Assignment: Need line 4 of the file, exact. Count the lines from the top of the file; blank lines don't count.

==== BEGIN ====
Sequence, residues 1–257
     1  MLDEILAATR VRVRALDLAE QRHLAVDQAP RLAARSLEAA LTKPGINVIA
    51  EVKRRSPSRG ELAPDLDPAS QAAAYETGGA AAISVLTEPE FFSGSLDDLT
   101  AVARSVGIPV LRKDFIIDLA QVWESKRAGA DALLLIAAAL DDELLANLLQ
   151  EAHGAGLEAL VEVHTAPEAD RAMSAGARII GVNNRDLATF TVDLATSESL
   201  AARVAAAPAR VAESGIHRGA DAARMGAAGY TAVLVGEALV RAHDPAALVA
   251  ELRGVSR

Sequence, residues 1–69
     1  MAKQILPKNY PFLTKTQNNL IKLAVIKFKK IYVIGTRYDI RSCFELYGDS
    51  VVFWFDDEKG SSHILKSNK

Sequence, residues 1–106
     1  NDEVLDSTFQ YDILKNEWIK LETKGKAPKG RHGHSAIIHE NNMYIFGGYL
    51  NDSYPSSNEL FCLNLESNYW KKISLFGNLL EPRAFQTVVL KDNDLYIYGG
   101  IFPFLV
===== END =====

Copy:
   101  AVARSVGIPV LRKDFIIDLA QVWESKRAGA DALLLIAAAL DDELLANLLQ